Uncertainty in the Senate: Democratic Majority Leader Chuck Schumer said Friday morning that his chamber would “spring into action” as soon as it gets the bill and urged his colleagues to pass the legislation quickly. “To my colleagues on both sides: let’s finish the job today,” the New York Democrat said. “Let’s avoid even a weekend shutdown. Let’s finish the job of funding the government for the remainder of the fiscal year.”

Individual senators can still delay the process and a number of Republicans are reportedly seeking amendment votes, which could mean that a final vote won’t take place until Sunday or even Monday. And any amendment that passes would essentially ensure a partial government shutdown because the House would have to approve it but lawmakers there have already departed.

Republican Sen. Susan Collins told reporters Friday evening that the chances of passing the package by midnight were “not looking great” and that negotiations on a time agreement were not making much progress. And Democratic Sen. Sheldon Whitehouse took to social media to slam Republicans for their demands: “Well, it looks like we’re headed for a shutdown at the hands of Senate Republican gremlins who (1) know that amendments can’t pass because there’s no House to send an amended bill back to (they adjourned) and (2) want amendments anyway.”

The bottom line: The House did its part, and it may cause Johnson some headaches, even if he isn’t necessarily at significant risk of losing his job just yet. On the Senate side, all 100 senators need to agree to speed the spending package to a final vote, and while some are itching to wrap up their work and start their recess, they have yet to reach a deal, leaving it unclear when the Senate might act.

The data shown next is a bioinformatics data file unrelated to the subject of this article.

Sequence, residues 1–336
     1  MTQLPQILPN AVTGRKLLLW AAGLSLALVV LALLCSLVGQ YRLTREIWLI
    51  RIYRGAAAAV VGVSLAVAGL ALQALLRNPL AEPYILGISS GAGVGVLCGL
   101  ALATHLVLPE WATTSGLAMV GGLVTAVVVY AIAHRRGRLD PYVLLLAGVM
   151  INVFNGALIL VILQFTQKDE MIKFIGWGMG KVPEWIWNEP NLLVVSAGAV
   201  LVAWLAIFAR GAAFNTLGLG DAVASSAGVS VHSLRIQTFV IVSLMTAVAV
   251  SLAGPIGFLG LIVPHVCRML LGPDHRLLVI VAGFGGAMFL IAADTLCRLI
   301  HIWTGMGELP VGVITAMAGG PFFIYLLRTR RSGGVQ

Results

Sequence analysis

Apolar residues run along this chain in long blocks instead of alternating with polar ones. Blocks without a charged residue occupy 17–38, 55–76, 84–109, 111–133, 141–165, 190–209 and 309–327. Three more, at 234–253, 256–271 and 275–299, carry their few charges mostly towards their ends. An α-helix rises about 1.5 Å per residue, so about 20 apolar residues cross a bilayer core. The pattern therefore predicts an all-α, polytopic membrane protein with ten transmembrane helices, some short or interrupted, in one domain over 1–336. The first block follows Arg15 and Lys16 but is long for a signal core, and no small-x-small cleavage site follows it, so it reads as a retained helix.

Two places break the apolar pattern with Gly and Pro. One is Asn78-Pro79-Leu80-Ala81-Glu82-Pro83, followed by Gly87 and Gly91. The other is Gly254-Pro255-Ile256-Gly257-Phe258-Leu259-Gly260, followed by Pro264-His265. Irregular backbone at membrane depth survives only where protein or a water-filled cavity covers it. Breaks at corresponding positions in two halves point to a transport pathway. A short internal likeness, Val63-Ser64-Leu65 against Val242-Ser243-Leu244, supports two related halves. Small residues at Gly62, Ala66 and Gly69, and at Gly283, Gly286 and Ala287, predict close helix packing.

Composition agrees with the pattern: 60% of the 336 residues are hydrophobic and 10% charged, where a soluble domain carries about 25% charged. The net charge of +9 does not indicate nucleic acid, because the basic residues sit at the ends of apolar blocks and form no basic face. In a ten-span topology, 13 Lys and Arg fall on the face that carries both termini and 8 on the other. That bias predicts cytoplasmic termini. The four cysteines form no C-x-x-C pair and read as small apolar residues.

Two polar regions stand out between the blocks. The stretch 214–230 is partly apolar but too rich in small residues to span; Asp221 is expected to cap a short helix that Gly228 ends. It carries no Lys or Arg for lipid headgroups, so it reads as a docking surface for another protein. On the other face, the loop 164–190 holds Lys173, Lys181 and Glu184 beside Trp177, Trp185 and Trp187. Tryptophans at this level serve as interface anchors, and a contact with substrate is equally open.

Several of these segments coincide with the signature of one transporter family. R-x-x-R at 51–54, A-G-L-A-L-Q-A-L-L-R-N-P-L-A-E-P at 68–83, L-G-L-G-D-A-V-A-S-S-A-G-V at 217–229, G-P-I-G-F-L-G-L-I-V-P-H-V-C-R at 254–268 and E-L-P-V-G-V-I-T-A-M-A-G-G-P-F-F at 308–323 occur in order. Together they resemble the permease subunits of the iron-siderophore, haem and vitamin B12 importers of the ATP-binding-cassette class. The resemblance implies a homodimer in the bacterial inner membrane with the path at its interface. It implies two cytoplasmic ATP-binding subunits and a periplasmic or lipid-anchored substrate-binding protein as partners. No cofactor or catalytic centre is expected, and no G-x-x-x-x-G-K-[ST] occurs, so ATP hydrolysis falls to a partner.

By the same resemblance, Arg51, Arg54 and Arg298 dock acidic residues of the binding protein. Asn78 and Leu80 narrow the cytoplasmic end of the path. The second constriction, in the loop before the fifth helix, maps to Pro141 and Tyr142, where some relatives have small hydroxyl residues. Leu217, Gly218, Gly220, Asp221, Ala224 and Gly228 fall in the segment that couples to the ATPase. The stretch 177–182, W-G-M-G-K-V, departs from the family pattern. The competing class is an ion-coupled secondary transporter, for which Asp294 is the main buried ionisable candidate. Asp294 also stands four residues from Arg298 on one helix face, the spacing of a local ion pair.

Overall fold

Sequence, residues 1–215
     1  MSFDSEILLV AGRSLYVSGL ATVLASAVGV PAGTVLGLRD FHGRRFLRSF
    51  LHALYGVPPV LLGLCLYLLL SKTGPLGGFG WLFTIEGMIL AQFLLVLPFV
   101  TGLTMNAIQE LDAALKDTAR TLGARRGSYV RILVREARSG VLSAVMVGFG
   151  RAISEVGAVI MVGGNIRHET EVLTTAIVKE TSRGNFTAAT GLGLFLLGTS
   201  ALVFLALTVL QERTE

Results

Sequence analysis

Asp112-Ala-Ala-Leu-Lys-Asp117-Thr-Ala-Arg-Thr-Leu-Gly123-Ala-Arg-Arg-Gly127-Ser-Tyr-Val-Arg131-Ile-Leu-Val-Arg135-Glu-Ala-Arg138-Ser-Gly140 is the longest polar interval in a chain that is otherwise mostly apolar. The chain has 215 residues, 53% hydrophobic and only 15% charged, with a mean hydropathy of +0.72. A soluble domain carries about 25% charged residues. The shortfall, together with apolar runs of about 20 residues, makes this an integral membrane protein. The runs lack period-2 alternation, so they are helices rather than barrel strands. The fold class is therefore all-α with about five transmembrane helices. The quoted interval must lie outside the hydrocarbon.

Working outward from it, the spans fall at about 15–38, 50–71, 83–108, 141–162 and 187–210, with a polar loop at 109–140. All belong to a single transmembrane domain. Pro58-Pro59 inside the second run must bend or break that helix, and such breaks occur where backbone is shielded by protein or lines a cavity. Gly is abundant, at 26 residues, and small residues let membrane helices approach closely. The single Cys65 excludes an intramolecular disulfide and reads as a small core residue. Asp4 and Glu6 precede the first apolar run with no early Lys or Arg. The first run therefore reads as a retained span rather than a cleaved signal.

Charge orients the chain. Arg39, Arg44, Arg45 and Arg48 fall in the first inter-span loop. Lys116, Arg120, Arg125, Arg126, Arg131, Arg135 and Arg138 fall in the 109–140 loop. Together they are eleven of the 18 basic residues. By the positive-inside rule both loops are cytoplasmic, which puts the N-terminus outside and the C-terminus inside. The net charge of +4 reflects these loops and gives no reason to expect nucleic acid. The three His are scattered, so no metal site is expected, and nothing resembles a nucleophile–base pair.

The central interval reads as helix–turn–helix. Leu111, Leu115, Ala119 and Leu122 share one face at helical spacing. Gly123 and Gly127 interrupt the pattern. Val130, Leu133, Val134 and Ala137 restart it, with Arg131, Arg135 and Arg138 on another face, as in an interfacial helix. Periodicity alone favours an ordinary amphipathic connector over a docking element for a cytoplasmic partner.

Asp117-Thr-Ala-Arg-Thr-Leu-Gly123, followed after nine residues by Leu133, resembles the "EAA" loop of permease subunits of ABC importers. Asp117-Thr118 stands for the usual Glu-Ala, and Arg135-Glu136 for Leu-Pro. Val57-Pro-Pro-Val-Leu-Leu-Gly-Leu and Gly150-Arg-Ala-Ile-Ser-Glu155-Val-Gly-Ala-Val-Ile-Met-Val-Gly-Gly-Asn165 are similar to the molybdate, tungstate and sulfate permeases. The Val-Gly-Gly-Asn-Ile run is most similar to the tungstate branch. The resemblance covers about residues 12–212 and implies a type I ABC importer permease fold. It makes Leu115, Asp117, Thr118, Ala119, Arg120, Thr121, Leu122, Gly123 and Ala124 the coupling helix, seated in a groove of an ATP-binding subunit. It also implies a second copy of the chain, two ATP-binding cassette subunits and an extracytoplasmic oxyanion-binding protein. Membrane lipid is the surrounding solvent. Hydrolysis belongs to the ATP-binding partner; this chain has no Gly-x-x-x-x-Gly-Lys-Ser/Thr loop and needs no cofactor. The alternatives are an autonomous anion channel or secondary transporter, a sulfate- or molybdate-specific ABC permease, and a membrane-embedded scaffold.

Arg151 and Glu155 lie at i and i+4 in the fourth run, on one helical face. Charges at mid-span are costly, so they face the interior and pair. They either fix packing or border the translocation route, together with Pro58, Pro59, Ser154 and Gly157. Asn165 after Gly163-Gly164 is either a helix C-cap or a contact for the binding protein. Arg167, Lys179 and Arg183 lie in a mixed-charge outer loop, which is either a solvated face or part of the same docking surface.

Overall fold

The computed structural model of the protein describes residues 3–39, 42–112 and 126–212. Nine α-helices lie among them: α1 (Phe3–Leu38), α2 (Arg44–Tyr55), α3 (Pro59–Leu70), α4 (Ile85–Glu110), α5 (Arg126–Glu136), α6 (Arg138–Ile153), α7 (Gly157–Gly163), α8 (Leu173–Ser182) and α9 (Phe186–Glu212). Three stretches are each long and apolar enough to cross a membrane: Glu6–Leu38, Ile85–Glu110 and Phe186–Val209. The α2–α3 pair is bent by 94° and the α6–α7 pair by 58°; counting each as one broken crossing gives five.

Granger Steps Down From Appropriations as Gallagher Resigns From House

Serving in the House seems to be losing its appeal, at least for some Republicans. Rep. Mike Gallagher, a Republican from Wisconsin, announced Friday that he will resign before the end of his term, further reducing the GOP’s already slim majority in the lower chamber.

Gallagher, who was seen as a rising star in conservative circles and served as chair of the Select Committee on the Chinese Communist Party, will leave Congress on April 19, at which point the GOP majority will shrink to 217 compared with 213 for Democrats. That tiny margin means that Republicans will be able to lose no more than one caucus member in any party-line vote.

News of his departure comes on the heels of the resignation of Rep. Ken Buck, a Republican from Colorado whose last day in the House was Friday. Gallagher provided no explanation for his decision to resign, but he, like Buck and some other lawmakers, has reportedly grown frustrated working in what is widely seen as a dysfunctional House.

Texas Republican Rep. Kay Granger, chair of the powerful Appropriations Committee, also said Friday that she would step back from her duties earlier than expected. While she will serve out her term in Congress, she is resigning from her committee leadership as soon as a new chair is selected.

“As I reflect on my time in the House of Representatives and more than 5 years as Ranking Member and now Chairwoman of the Appropriations Committee, I realize I have accomplished more than I ever could have imagined,” Granger wrote in a letter to House Republican leadership.

Granger’s decision to step down tees off a race to find a replacement for the coveted position. Rep. Tom Cole, Republican from Oklahoma, quickly threw his hat into the ring. “I am a budget hawk, and, as Chairman, I will ensure that we are not wasting and abusing,” he said on social media as he announced his candidacy.